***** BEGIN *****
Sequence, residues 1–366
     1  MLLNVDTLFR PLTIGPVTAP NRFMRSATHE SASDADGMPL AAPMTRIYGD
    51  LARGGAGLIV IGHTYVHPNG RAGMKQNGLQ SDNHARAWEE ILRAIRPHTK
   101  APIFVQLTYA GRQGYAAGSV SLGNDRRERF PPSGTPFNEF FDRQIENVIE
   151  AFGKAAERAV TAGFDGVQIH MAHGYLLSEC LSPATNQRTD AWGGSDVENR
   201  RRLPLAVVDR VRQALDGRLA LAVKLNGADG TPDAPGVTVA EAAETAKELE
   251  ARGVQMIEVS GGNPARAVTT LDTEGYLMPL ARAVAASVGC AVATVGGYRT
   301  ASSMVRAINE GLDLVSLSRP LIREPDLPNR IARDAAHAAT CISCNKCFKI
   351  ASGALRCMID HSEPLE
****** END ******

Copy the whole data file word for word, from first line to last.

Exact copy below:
Sequence, residues 1–366
     1  MLLNVDTLFR PLTIGPVTAP NRFMRSATHE SASDADGMPL AAPMTRIYGD
    51  LARGGAGLIV IGHTYVHPNG RAGMKQNGLQ SDNHARAWEE ILRAIRPHTK
   101  APIFVQLTYA GRQGYAAGSV SLGNDRRERF PPSGTPFNEF FDRQIENVIE
   151  AFGKAAERAV TAGFDGVQIH MAHGYLLSEC LSPATNQRTD AWGGSDVENR
   201  RRLPLAVVDR VRQALDGRLA LAVKLNGADG TPDAPGVTVA EAAETAKELE
   251  ARGVQMIEVS GGNPARAVTT LDTEGYLMPL ARAVAASVGC AVATVGGYRT
   301  ASSMVRAINE GLDLVSLSRP LIREPDLPNR IARDAAHAAT CISCNKCFKI
   351  ASGALRCMID HSEPLE